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Gapping Conveyors: A Guide to Types and Applications

How to create uniform gaps between conveyed loads

Conveyor Inquiry

Gapper Conveyor line in a distribution center

Conveyors that create gaps between loads—called “gappers”—are used in functions ranging from sortation to quality control to packing to machine integration. Any process that requires identical and predictable gaps between the back of a load and the leading edge of the following will probably need a gapper. Most gappers are slider bed belt conveyors, since belts provide superior control and support.

What are gappers?

  • Gappers combine two separate belts that convey at different speeds, which creates a gap between loads on the conveyor.
  • Gappers are slider bed conveyors, and are considered an accessory that functions in a broad variety of applications.
  • Blow-through type gappers are more basic, less expensive and simpler. They run at fixed speeds that create the gaps necessary for the next process on a conveyor line. They’re used for applications that transport or sort uniform loads in size and type. A distribution center that ships out only one or a very limited range of cartons is a good example of a blow-through application.
  • Gap optimizers are faster, more expensive and provide better throughput for a broader variety of loads. These gappers create uniform spaces between loads of different dimensions and weights. Optimizers adjust their speed based on sensors and control protocols. They’re often deployed for high-throughput, e-commerce and 3PL applications that require variability and speed.

Sortation gaps

Because sortation systems need to scan and divert cartons at high speeds, they’ll need a gapping conveyor to ensure fast and accurate throughput before loads enter a sort zone. Many types of sorters need uniform gaps to correctly scan and divert loads. This also helps increase a sorter’s throughput and reliability.

Read more: A Quick Guide to Sortation Conveyors

Machines and packaging integration

Processing packages through an insert void filler, passing through a scan tunnel, applying a label, taping a carton top, shrink wrapping a load or any other number of packaging functions can require precise gaps. These gaps allow time for the process to execute before the next carton enters the machine. You can sometimes do this with accumulation buffers, but a gapping solution upstream of the packaging machine often works better and more reliably.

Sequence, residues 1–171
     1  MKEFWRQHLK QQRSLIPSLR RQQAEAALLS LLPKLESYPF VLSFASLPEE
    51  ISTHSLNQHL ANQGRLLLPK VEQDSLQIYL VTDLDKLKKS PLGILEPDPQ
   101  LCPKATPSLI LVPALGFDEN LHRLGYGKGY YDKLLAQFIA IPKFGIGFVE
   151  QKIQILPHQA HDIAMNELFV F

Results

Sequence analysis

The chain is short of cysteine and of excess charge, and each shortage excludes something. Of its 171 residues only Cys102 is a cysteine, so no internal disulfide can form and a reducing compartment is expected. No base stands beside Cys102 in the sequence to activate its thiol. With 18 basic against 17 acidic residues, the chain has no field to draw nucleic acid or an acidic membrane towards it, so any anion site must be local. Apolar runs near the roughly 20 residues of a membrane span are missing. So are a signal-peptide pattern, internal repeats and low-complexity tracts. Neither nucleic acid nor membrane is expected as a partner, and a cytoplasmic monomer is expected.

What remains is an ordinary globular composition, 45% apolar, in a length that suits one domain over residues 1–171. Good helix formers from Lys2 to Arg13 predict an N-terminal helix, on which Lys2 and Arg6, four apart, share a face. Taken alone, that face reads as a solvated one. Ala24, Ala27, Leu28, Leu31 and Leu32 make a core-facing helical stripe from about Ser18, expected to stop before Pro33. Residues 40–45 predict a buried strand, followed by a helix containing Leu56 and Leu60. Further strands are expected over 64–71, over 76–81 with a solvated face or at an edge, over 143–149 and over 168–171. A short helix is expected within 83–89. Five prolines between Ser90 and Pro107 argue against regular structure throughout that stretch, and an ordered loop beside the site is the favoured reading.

Adequate gaps give packages room to turn during merging and combining. The gaps give your system time to print and apply labels, for camera systems to read barcodes, weigh packages, or create proper spacing for the sorter to operate.

What are your gapping application considerations?

  • The load profile: dimensions, weight and other characteristics of all loads on the conveyor system
  • How much gap will you need between items? Is it always the same?
  • What happens after the gap–sortation, machinery, manual processes, sensors, etc?
  • What else in the design and overall flow should you consider?

How gaps are set, before and after gapping conveyor equipment. Labels include Space pre-gapper, box length, flow direction, and final gap between cartons

Other applications for gappers

  • Use gappers to separate cartons for some manual operations, allowing operators to easily access loads with consistent gaps between them. This gives a worker time to grab, inspect, rotate, fill, assemble or perform other functions.
  • Gaps are also necessary for sawtooth merges and some spurs.
  • You may need to create gaps ahead of sensors or scanners on your conveyor system.
  • Gaps may be useful for some pushers or rotators.
  • Gappers are often used preceding inline scales.

Gappers create precise, uniform gaps to help facilitate a variety of functions downstream of them on the conveyor. Using a gapper helps you create consistency and faster, more reliable operation for machine integrations, sorters and manual processes.

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Scott Stone is Cisco-Eagle's Vice President of Marketing with more than thirty years of experience in material handling, warehousing and industrial operations. His work is published in multiple industry journals an websites on a variety of warehousing topics. He writes about automation, warehousing, safety, manufacturing and other areas of concern for industrial operations and those who operate them.

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